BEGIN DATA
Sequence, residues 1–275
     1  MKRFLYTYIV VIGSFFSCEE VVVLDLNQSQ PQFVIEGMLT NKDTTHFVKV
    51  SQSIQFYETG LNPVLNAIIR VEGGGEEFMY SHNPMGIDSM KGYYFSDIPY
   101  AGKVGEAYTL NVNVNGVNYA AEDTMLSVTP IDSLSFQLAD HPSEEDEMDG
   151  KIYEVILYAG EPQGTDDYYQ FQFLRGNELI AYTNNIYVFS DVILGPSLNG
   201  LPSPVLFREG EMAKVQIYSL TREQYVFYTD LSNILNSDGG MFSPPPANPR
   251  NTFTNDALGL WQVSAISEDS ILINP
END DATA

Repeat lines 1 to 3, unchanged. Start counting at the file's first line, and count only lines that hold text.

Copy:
Sequence, residues 1–275
     1  MKRFLYTYIV VIGSFFSCEE VVVLDLNQSQ PQFVIEGMLT NKDTTHFVKV
    51  SQSIQFYETG LNPVLNAIIR VEGGGEEFMY SHNPMGIDSM KGYYFSDIPY